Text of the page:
Making a difference: Mhairi’s story
We run a variety of projects at ACE IT, including our Work Wise course which helps provide over 50s with the digital skills to return to work. One of our recent learners, Mhairi Curran, spoke to us about her experience on the course and what she learned.
Mhairi has been out of work due to her health and has been volunteering in the meantime. She was part of the last cohort of Work Wise learners in October this year.
“The aim was to try get some better skills to allow me to go back to work,” she said. “Although I want to do activity work, there’s so many of them now saying that you need to have social media, which I don’t do. And that you need to be able to work with certain programs. Things like Excel, and I’ve never done Excel.”
“So I came along, did some stuff, we did a wee bit on how to format CVs. We did spreadsheets, which again I’d never done, I usually work on Word for most things. Then the last week, we looked at PowerPoint. Although I knew the basics of PowerPoint, I didn’t know how much you could actually use PowerPoint for!”
Mhairi found Work Wise accessible and flexible, and better than other computer courses she’d done in the past. She said: “I’ve done courses before where they’ve given you a workbook and you’ve gone through it, and they’ve gone at the end of it, well that’s you, you know that now. And it’s like yeah, but where’s that going to take me next? You’ve literally left the room and that’s it, that’s the end of it.”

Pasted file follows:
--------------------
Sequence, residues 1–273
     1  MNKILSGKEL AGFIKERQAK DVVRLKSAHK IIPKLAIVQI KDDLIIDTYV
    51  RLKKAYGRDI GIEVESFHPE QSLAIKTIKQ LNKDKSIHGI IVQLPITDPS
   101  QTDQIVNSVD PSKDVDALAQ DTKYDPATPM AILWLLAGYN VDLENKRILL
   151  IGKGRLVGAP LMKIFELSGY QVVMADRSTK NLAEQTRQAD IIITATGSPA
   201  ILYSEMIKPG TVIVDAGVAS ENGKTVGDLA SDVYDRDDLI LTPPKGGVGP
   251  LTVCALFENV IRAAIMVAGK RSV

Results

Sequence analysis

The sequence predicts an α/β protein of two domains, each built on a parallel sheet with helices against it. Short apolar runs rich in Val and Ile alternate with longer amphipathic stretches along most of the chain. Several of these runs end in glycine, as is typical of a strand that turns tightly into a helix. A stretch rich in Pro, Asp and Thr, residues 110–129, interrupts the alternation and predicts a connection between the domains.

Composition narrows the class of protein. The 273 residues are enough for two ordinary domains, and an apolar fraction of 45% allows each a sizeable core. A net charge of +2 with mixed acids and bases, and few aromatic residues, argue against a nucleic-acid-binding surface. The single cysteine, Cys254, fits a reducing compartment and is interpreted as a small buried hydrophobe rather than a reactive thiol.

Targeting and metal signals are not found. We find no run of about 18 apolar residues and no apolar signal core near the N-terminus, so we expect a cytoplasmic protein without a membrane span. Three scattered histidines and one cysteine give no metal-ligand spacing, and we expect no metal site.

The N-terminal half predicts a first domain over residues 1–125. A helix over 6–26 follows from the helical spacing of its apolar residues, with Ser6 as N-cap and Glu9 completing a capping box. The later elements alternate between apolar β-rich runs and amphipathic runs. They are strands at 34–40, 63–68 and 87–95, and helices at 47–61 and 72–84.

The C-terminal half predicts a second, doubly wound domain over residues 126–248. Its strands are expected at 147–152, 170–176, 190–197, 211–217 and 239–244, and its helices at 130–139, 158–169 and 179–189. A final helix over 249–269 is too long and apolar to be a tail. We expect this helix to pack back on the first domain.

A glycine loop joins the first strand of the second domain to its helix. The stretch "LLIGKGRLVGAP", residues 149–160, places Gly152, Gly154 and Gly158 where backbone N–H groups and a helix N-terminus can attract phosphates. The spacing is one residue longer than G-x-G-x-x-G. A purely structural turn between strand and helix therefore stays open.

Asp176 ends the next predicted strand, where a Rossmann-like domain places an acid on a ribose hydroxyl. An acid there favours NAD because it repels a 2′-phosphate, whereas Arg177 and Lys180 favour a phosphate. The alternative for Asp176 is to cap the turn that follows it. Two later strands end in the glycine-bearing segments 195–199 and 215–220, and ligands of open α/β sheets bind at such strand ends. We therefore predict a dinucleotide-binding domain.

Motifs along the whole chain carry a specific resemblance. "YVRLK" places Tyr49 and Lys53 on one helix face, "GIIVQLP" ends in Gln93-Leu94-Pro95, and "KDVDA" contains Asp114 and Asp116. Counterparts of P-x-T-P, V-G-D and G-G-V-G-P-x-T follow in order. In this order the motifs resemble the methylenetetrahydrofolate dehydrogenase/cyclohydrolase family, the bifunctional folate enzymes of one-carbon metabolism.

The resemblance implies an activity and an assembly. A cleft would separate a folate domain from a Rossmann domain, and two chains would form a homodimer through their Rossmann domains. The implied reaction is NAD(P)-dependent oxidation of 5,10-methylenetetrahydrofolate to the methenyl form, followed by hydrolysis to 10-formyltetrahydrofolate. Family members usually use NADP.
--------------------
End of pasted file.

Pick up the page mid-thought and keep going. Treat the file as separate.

She found ACE IT particularly helpful, especially with the potential to come back and get more help.
“It’s good if you can find something that encourages you to go back, it doesn’t leave you feeling like you’re inadequate, and a lot of things do,” she commented.
Her confidence has also improved as a result of Work Wise. She said: “The tutor I had said I knew more than I thought I did, which was encouraging. I think part of my problem with computer stuff is I don’t really always understand computer language, so it’s the steps and stages, and it’s what category you go into to find something. Is it on the toolbar, is it hidden somewhere else, it’s all that kind of stuff that muddles me. And then when something doesn’t work, I usually think, well that’s just me. It’s me that’s done something wrong, and my tutor said no it’s not always you, because it’s different programs and different things. It has given me more confidence that it isn’t always me that’s wrong. And to persevere – if it’s not working one way, try it another – don’t just give up.”
Want to help people like Mhairi improve their computer skills for work? Find out more about becoming a volunteer here!